Even a small amount of blood can make the urine look pink, red, or sometimes brown. Sometimes the blood can be seen only with a microscope.
Blood in the urine should always be checked by your healthcare provider.
What causes blood in urine?
The urinary tract includes the:
Kidneys, which make urine
Ureters, which are the tubes that carry urine from the kidneys to the bladder
Bladder, which stores urine
Urethra, which is the tube that drains urine from the bladder
A number of things may cause bleeding in the urinary tract. Some common causes of blood in the urine are:
Kidney or bladder infection
Bladder or kidney stones
An infection of the prostate gland or epididymis (the firm tube at the back of a boyâ€™s or manâ€™s testicle)
A reaction of your immune system after an infection, such as a cold
Injury to any part of the urinary tract (for example, a fall might bruise the kidney)
Some diseases, such as sickle cell anemia or lupus
Some medicines, like antibiotics or medicines that help prevent blood clots
A tumor in the urinary tract
Certain kinds of foods, such as beets or blackberries, may give the urine a reddish tint. This should last only for a day or so after eating these foods. A few medicines may also turn the urine reddish. If you have started a new medicine and notice a color change in your urine, call your pharmacist to see if itâ€™s normal.
How is it diagnosed?
Your healthcare provider will ask about other symptoms and your medical history and examine you. Tests may include:
An ultrasound, which uses sound waves to show pictures of the bladder and kidneys
Intravenous pyelogram, which uses dye and X-rays to take pictures of the urinary tract
Cystoscopy, which uses a small lighted tube passed through the urethra into the bladder to look at the bladder, urethra, and prostate gland
How is it treated?
The treatment of blood in the urine depends on its cause. Your healthcare provider will recommend treatment and follow-up depending on the results of your medical history, your exam and test results.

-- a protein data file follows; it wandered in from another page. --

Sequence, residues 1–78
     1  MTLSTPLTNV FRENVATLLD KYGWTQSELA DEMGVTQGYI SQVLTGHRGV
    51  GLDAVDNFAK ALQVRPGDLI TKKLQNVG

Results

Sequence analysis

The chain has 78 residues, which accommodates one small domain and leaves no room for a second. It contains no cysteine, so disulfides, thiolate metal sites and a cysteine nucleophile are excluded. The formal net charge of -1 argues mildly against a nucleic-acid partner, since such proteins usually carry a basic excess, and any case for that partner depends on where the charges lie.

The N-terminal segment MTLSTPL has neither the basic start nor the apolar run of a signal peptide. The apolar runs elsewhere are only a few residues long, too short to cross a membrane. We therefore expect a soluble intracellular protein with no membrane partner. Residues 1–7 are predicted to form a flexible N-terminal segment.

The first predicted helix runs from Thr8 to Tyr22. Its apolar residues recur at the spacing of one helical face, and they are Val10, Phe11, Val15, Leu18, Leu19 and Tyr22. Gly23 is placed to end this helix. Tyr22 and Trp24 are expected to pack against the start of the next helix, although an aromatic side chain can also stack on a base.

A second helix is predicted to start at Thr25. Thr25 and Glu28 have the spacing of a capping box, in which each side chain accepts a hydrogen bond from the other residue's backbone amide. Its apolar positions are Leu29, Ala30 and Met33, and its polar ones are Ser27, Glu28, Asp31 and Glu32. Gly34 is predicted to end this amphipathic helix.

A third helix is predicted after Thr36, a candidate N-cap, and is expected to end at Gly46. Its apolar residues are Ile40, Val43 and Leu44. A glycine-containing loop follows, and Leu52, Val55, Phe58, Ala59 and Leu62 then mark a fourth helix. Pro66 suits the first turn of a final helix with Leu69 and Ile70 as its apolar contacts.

How can I take care of myself?
Ask your provider:
How and when you will hear your test results
How long it will take to recover
If there are activities you should avoid and when you can return to your normal activities
How to take care of yourself at home
What symptoms or problems you should watch for and what to do if you have them
Make sure you know when you should come back for a checkup. Keep all appointments for provider visits or tests.
Developed by RelayHealth.
Adult Advisor 2015.1 published by RelayHealth. Last modified: 2015-01-02 Last reviewed: 2014-12-31
This content is reviewed periodically and is subject to change as new health information becomes available. The information is intended to inform and educate and is not a replacement for medical evaluation, advice, diagnosis or treatment by a healthcare professional.
Blood in Urine: References
Hematuria. (2012). US Dept of Health and Human Services, National Institutes of Health, National Institute of Diabetes and Digestive and Kidney Diseases.
National Kidney and Urologic Diseases Clearinghouse. Hematuria: Blood in the Urine. US Dept of Health and Human Services, National Institutes of Health, National Institute of Diabetes and Digestive and Kidney Diseases. 4/16/2012. Accessed 7/25/2014 from http://kidney.niddk.nih.gov/kudiseases/pubs/hematuria/#how. Accessed 1/25/2014.